Commercial prioritization, power and underrepresentation all exacerbate another critical challenge: lack of data. The development of speech recognition technology requires large annotated data sets. Languages spoken by illiterate people who would most benefit from voice recognition technology tend to fall in the “low-resource” category, which, in contrast to “high-resource” languages, have few available data sets. The current state-of-the-art method for addressing the lack of data is “transfer learning,” which transfers knowledge learned from high-resource languages to machine-learning tasks on low-resource languages. However, what is actually transferred is poorly understood, and there is a need for a more rigorous investigation of the trade-offs among the relevance, size and quality of data sets used for transfer learning. As technology stands today, hundreds of millions of users coming online in the next decade will not speak the languages serviced by their devices.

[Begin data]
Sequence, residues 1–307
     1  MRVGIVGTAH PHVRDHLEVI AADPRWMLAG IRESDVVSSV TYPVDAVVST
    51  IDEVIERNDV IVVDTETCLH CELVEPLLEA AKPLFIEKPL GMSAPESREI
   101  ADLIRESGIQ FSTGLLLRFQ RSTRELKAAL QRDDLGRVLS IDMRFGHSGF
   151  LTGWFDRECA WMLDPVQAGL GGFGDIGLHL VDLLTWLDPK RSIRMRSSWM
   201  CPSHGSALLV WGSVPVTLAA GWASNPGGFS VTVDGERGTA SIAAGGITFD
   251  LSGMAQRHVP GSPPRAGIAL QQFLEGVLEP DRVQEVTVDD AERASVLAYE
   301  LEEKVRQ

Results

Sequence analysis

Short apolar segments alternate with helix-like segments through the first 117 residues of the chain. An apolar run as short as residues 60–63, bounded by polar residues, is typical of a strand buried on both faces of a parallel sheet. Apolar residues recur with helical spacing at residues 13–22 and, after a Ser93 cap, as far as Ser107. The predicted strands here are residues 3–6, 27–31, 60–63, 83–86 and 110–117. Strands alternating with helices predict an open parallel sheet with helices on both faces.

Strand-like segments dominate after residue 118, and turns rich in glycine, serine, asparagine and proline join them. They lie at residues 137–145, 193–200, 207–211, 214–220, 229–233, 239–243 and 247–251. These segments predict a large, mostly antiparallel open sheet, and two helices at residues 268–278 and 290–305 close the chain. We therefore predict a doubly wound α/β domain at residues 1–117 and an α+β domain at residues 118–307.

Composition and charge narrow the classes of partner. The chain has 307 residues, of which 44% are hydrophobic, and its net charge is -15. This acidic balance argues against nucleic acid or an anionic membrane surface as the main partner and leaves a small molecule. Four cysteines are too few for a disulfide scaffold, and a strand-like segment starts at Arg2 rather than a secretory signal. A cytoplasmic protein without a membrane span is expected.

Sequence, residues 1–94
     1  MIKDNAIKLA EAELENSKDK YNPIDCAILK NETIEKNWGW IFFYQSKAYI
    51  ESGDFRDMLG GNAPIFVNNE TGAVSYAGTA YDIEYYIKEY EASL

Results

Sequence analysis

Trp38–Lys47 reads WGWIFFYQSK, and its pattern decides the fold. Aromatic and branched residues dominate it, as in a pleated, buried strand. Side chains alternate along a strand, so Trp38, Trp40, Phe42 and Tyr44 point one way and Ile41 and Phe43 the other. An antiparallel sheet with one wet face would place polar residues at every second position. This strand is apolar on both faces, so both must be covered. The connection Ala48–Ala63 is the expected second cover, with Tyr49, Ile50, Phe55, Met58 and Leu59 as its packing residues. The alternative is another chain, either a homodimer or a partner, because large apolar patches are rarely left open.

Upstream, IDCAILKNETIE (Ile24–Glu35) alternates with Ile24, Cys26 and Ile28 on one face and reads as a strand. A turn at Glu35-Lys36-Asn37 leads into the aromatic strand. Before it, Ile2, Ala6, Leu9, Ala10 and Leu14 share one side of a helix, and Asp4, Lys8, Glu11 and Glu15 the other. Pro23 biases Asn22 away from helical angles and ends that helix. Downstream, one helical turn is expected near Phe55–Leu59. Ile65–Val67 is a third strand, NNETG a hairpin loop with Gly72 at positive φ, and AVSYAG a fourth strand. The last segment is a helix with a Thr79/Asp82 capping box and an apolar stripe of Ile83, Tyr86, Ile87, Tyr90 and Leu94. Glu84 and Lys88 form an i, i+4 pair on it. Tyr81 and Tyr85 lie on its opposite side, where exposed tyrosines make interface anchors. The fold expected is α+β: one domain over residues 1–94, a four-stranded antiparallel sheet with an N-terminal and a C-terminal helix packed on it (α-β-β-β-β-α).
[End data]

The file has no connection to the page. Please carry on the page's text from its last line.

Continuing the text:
If those users manage to access online services, they will lack the benefits of automated content moderation and other safeguards enjoyed by the speakers of common world languages. Even in the United States, where users experience attention and contextualization, it is hard to keep people safe online. In Myanmar and beyond, we have seen how the rapid spread of unmoderated content can exacerbate social division and amplify extreme voices that stoke violence. Online abuse manifests differently in the Global South; and majority WEIRD (Western, educated, industrialized, rich and democratic) designers who do not understand local languages and cultures are ill-equipped to predict or prevent violence and discrimination outside of their own cultural contexts.

We are working to tackle this problem. We developed the first speech recognition models for Maninka, Pular and Susu, languages spoken by a combined 10 million people in seven countries with up to 68 percent illiteracy. Instead of exploiting data sets from unrelated, high-resource languages, we leveraged speech data that are abundantly available, even in low-resource languages: radio broadcasting archives. We collected two data sets for the research community. The first, West African Radio Corpus, contains 142 hours of audio in more than 10 languages with a labeled validation subset.